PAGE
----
The Only Constant is Change: Sending Your Type 1 Diabetic Off to College

By Lori Finch

As parents, the only thing we can be sure of is change. This is especially true as you send your child off to college. However, when you send your type 1 child off to college, these changes could result in death. Every type 1 parent knows that this statement is not an exaggeration. All parents worry about the usual college issues like academic stress, roommate issues, sleep patterns, eating habits, and alcohol and drug use. Type 1 parents also have the added worries of blood glucose levels, insulin management, and DKA just to name a few.

So, what is a type 1 parent to do? Up until now, our type 1 children have lived at home where we can see them daily, but what happens when we don’t have eyes on them every day? We want to navigate the college process without passing on our own anxiety, but how do we do that? First, parents must have a straightforward conversation with their type 1 child to prepare them for what to expect if their diabetes management gets off track. Parents need to ask questions like: Where is the Health Center located? Where is the nearest hospital? Will your roommate, RA, or RD know what to do in case of an emergency? Who will you call in case of an emergency? Second, type 1 parents and students need to know that they are not alone. There are several online resources such as, College Diabetes Network which provides suggestions on what to look for as you begin searching for colleges, how to prepare for leaving home, and what to do once you’re on campus.

Our family is fortunate enough to live in Colorado where we have the Barbara Davis Center for Diabetes (BDC). The BDC offers a Beyond High School workshop that is a fun and interactive program that prepares young adults with type 1 diabetes for several life changes during their transition from high school to college, to work, and living away from their parents. They also offer a session for parents with a question-and-answer portion.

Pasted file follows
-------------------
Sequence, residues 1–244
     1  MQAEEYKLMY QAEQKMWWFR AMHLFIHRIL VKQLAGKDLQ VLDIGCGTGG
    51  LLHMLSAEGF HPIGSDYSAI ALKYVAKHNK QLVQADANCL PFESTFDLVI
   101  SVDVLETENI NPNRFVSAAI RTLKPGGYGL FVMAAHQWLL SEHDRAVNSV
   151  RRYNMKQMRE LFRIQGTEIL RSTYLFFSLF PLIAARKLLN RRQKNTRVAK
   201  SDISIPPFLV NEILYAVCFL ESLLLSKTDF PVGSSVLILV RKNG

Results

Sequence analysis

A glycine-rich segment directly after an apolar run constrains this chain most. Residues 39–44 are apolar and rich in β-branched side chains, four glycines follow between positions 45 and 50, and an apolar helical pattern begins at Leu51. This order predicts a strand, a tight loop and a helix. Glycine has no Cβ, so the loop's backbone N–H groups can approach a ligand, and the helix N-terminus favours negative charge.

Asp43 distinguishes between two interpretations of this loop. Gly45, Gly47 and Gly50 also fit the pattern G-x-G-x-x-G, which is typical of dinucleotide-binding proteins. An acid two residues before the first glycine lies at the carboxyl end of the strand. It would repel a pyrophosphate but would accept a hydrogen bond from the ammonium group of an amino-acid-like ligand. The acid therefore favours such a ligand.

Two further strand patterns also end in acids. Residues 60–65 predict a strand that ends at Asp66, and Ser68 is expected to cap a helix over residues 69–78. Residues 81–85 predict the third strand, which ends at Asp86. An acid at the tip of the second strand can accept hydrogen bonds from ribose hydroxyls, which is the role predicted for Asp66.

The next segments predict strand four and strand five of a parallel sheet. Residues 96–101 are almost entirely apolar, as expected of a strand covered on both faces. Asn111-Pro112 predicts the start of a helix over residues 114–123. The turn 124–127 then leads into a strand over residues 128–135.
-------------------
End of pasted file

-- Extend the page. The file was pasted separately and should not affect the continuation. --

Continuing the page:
Realistically, your type 1 student may say that their only concern is getting up for their 8AM class; however, know that they do have many, many concerns regarding their diabetes management. In addition, know that they may resist having conversations about their diabetes management. Their pushing you away is part of the process of maturation. Give them some time and space and then approach the topic again. Your relationship with them will continue to evolve during their college years and beyond. Your role will be on an ever-changing spectrum from manager to consultant. This change does not mean that theyare leaving you behind, but it does mean that they are taking meaningful steps towards adulthood. This change represents an emotional separation for both parents and their type 1 children. This emotional separation is perhaps the most difficult change of all, but know that your love, support, and counsel will continue to be necessary as your parental role continually shifts.

Remember that the passage to adulthood takes time especially if there is the added challenge of type 1 diabetes. As parents of college students, we want our children to get good grades, to be kind and compassionate to others and themselves, and to find meaningful relationships. But as type 1 parents, our greatest hope is that we’ve given them all the necessary tools and resources to take care of their type 1 diabetes so that they can have the most normal college experience possible.

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